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Spanish region limits golf development

19 June, 2008

In a move that some have described as revolutionary for golf-happy Spain, the regional government of Andalusia recently approved a sweeping new law restricting the development of golf courses.

The regulations, approved in February after months of heated debate, dramatically limit the number of houses that a developer can build around a course and require new courses to use recycled water for irrigation.

Throughout the country regional governments are approving similar measures in what is largely seen as a backlash against rampant golf course development. More than 100 courses have been built in Spain in the past eight years, most accompanied by high-density residential developments targeting foreign buyers. "I don't have anything against golf," said Juan Area, editor of El Observador, a newspaper here. "But I think there are too many golf courses."

In Andalusia - home to the popular Costa del Sol, which is sometimes called the "Costa del Golf" - there are 118 courses, accounting for more than a third of the courses in the country. Nine new courses opened in the past four years alone, according to data from Real Federación Española de Golf, an industry group.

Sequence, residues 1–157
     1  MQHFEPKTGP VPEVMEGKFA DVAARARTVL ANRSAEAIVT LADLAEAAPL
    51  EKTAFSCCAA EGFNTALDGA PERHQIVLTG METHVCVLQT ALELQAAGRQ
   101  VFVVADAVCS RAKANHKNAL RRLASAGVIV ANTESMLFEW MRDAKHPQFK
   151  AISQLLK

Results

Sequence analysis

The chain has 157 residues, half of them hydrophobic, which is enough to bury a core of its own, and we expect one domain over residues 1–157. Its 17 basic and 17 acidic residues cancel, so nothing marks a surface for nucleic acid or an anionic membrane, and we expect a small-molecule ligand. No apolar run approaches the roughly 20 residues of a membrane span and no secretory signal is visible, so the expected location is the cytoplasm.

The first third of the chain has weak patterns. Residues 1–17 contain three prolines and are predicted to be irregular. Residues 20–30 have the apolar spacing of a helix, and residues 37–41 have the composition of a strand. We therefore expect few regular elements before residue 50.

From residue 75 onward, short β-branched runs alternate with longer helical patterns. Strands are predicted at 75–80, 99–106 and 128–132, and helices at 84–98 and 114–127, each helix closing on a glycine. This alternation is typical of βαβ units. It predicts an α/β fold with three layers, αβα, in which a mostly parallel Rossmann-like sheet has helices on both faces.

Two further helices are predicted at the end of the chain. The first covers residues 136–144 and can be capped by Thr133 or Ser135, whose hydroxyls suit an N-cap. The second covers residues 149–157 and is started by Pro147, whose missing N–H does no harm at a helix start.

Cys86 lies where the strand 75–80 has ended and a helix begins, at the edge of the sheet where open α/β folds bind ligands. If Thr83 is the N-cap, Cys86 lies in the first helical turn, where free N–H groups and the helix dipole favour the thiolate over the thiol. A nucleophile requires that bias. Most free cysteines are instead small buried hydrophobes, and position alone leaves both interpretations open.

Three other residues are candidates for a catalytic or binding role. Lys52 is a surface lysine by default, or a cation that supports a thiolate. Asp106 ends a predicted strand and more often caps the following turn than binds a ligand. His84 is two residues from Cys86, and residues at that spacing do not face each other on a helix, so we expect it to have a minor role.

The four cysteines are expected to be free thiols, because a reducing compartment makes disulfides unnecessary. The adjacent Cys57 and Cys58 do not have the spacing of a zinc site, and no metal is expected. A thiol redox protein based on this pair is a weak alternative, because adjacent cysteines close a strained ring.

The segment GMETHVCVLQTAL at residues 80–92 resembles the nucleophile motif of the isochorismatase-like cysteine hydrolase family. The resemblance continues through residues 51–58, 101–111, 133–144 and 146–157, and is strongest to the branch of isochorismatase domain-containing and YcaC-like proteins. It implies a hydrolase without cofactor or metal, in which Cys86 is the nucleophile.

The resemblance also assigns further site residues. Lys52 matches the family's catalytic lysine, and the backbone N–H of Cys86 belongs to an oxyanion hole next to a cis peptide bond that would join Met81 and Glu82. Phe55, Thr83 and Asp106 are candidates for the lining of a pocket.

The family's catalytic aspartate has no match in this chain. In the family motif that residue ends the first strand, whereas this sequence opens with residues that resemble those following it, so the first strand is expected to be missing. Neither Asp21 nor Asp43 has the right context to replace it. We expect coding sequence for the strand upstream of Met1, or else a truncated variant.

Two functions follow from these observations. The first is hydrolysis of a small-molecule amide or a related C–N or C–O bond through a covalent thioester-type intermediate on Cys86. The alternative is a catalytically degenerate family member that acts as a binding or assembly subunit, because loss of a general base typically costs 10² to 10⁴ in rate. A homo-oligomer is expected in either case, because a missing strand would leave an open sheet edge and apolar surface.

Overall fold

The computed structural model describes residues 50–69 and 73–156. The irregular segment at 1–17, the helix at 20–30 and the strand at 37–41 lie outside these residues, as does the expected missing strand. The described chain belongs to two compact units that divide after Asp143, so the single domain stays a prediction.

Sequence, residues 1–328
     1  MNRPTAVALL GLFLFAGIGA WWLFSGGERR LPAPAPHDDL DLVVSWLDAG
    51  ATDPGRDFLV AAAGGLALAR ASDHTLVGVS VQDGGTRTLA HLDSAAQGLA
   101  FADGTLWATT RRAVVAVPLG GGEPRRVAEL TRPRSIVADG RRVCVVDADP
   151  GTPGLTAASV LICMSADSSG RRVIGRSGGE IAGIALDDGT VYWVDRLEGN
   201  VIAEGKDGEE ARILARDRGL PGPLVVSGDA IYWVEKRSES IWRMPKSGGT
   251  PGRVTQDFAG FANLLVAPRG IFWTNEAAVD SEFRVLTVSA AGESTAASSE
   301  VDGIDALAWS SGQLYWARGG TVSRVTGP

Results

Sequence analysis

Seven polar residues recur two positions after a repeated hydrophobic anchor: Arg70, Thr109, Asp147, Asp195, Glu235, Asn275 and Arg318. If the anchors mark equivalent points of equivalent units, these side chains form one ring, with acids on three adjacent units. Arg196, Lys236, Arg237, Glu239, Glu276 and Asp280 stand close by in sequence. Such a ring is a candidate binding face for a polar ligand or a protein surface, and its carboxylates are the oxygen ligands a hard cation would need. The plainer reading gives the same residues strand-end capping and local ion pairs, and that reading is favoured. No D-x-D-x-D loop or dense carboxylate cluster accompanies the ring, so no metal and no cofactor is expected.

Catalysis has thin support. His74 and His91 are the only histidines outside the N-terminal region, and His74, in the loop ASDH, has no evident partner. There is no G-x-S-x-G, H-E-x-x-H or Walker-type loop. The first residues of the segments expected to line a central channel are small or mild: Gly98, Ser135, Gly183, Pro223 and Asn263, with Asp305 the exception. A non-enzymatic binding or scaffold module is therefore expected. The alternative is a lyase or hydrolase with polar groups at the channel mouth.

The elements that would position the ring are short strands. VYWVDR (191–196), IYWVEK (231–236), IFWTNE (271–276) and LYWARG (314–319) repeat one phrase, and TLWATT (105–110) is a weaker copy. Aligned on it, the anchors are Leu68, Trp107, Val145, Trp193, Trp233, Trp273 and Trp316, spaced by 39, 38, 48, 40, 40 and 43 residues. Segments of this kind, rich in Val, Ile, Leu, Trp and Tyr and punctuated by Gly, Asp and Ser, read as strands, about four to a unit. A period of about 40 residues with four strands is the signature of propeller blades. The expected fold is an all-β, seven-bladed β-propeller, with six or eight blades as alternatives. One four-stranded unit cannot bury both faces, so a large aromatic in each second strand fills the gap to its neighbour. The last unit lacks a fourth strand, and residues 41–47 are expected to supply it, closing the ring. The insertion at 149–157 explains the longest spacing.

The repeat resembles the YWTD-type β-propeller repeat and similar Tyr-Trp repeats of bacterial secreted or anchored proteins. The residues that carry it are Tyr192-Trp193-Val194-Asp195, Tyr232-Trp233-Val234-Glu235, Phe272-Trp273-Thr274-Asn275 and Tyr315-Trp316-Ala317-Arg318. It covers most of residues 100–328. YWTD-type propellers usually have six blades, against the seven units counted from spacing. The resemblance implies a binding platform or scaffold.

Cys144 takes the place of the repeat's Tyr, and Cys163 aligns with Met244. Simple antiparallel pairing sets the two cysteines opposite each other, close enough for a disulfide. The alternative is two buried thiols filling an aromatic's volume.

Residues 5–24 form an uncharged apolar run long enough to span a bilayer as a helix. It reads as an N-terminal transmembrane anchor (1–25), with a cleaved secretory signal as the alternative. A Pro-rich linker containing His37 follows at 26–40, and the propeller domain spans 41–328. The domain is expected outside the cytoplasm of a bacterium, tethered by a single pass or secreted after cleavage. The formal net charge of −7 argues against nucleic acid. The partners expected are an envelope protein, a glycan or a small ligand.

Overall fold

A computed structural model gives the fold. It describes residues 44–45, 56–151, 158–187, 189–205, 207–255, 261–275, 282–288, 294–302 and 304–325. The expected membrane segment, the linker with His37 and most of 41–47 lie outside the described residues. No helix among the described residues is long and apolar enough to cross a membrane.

But few believe that golf course development in Spain will grind to a complete halt. "Spain is undoubtedly the strongest demand market in western Europe," according to a recent report by KPMG's Golf Advisory Practice, which tracks the market. Since 2000 the number of players affiliated with clubs in Spain has doubled, to about 300,000, said Andrea Sartori, head of the golf practice.

Despite the housing slowdown, there are still dozens of projects in the advanced planning stages, many in inland areas where there are relatively few courses.

"I personally think these regulations will have no impact whatsoever on golf course development long term," said Mark Roulston, editor of The Olive Press. "Yes, there will be an element of strictness now but the developers are powerful, with a lot of money, and money talks."

By Kevin Brass of International Herald Tribune

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